Recent experiments, realized due to the capacity of manipulation by ultracold atoms  moleculesin optical networks, have made possible the study in laboratory of new quantum effects for strongly correlated systems in low dimensionalities. These systems are examples of quantum simulators, being able to model such quantum systems as spin models, graphene, QCD, gauge theories etc.

The research “Quantum Many Body Systems” combines analytical techniques such as exact solutions and effective field theories with numerical simulations, based on the algorithm of Density Matrix Renormalization Group to study exotic phases of matter and phase transitions in low-dimensional strongly correlated systems. We study also the properties of entanglement  and dynamical behavior of such systems.

Collaborations: Universtia di Bari, Universita di Napoli,  MIT, Cambridge

Web sites: http://www-th.bo.infn.it/activities/quantum/Homepage-ITALIANO.html

 

Theoretical nuclear physics.

P. Finelli (Assist. Prof.)

This research activity is concentrated on the applications of the methods of theoretical physics to the physics of strong interactions responsible for the interanl structure of protons and neutrons and, more generally, for the nuclear structure. The arguments under investigation are

  1. Structure of nuclei studied by means of the mean field approaches such as density functional theory,  random phase approximation and optimized potential method.
  2. Elastic and quasi-elastic scattering of electrons as a method for measuring of the distribution of protons and neutrons.
  3. Physics of hypernuclei, i.e. nuclei with nonzero quantum number of strangeness.
  4. Nuclear superconductivity.

Collaborations: Universita di Pavia, Universita di Lecce, Technical University of Munchen, University of Seattle

Web sites: http://www-th.bo.infn.it/activities/Nuclear_Physics/

 

Quantum field theories

R. Soldati (Assoc. Prof.)

The research are devoted to the study of internal consistency and analysis of possible manifestations of a modification of quantum electrodynamics which breaks the Lorentz and CPT symmetries in the presence of a Chern-Simons term or of the big galactic or extragalactic magnetic fields.

Such an area of research is relevant because the existence of big magnetic fields is confirmed and the recent observation of optical rotations, generated in the open space by magnetic fields render necessary  to study the possible birefringence of vacuum, which can bring to discovery of new physics.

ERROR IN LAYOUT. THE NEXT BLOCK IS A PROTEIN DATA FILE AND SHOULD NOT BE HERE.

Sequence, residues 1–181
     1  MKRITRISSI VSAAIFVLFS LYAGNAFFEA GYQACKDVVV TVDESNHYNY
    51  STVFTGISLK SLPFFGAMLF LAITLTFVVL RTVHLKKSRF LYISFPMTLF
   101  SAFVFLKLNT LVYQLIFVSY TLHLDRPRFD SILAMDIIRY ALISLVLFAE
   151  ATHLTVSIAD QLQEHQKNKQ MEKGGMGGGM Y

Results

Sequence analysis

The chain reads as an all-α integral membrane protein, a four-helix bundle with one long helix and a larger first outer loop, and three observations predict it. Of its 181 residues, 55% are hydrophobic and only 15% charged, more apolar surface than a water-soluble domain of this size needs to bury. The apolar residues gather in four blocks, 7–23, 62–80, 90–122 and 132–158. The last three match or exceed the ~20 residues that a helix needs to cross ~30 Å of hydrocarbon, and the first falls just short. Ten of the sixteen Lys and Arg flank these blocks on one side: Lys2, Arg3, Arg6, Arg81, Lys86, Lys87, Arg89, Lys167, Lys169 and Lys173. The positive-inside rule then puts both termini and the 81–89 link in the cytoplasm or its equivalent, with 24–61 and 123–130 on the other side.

The graphene is a crystal lattice, essentially bidimensional, of the carbon atoms with the  lattice structure of regular hexagons. From the theoreticla point of view the graphene can be described by a pseudo-relativistic theory of quantized field, whose elementary excitations or quasiparticles behaves as massless Dirac fermions or as charged neutrinos in 2+1 spacetime dimensions, which move in a plane with a velocity, which is of  two orders less than the speed of light in vacuum.

Recently the group was occupied by looking for a theoretical explanation of the experimental results, connected with quantum Hall effect for the monolayer, the bilayer and the multilayer and for explanation pf the high mobility of quasiparticles in the presence of a uniform electrosatatic field.

Collaborations: University of Saint Petersburg, Rutgers University, Piscataway

Web sites: http://www-th.bo.infn.it/activities/pi14/

 

Integrability

F. Ravanini (Assoc. Prof.), E. Ercolessi (Assoc. Prof.), A. Bonini (PhD Student), N. Vernazza (PhD Student), D. Fioravanti (INFN)

The integrability of fundamental property of different classical and quantum systems, which permits to find some quantities exactly and to approach non-perturbative problems, crucial for the understanding of the physics world by means of field-theoretical or statistical-mechanical methods.

The strategical goal of the project is to understand the algebraic, geometrical and analytical structures, connected with the integrability and apply them to such area as the condensed matter, spin chains and their quantum entanglement, string theories, gauge theories, confinement in quantum chromodynamics, non-linear field models.

Collaborations: City University, London

Contacts

Roberto Balbinot

Associate Professor

Dipartimento di Fisica e Astronomia

Via Irnerio 46

Bologna (BO)

tel: +39 051 20 9 1158

Fiorenzo Bastianelli

Associate Professor

Dipartimento di Fisica e Astronomia

Via Irnerio 46

Bologna (BO)

tel: +39 051 20 9 1186

Roberto Casadio

Associate Professor

Dipartimento di Fisica e Astronomia

Via Irnerio 46

Bologna (BO)

tel: +39 051 20 9 1112

Michele Cicoli

Senior assistant professor (fixed-term)

Dipartimento di Fisica e Astronomia

Via Irnerio 46

Bologna (BO)

tel: +39 051 20 9 1011

Elisa Ercolessi

Associate Professor

Dipartimento di Fisica e Astronomia

Via Irnerio 46

Bologna (BO)

tel: +39 051 20 9 1088

Loris Ferrari

Associate Professor

Dipartimento di Fisica e Astronomia

Via Irnerio 46

Bologna (BO)

tel: +39 051 20 9 5109

Paolo Finelli

Assistant professor

Dipartimento di Fisica e Astronomia

Via Irnerio 46

Bologna (BO)

tel: +39 051 20 9 1188

Alexandr Kamenchtchik

Professor

Dipartimento di Fisica e Astronomia

Via Irnerio 46

Bologna (BO)

tel: +39 051 20 9 1114

Francesco Ravanini

Associate Professor

Dipartimento di Fisica e Astronomia

Via Irnerio 46

Bologna (BO)

tel: +39 051 20 9 1045

Roberto Soldati

Associate Professor

Dipartimento di Fisica e Astronomia

Via Irnerio 46

Bologna (BO)

tel: +39 051 20 9 1153

Roberto Zucchini

Associate Professor

Dipartimento di Fisica e Astronomia

Via Irnerio 46

Bologna (BO)

tel: +39 051 20 9 1118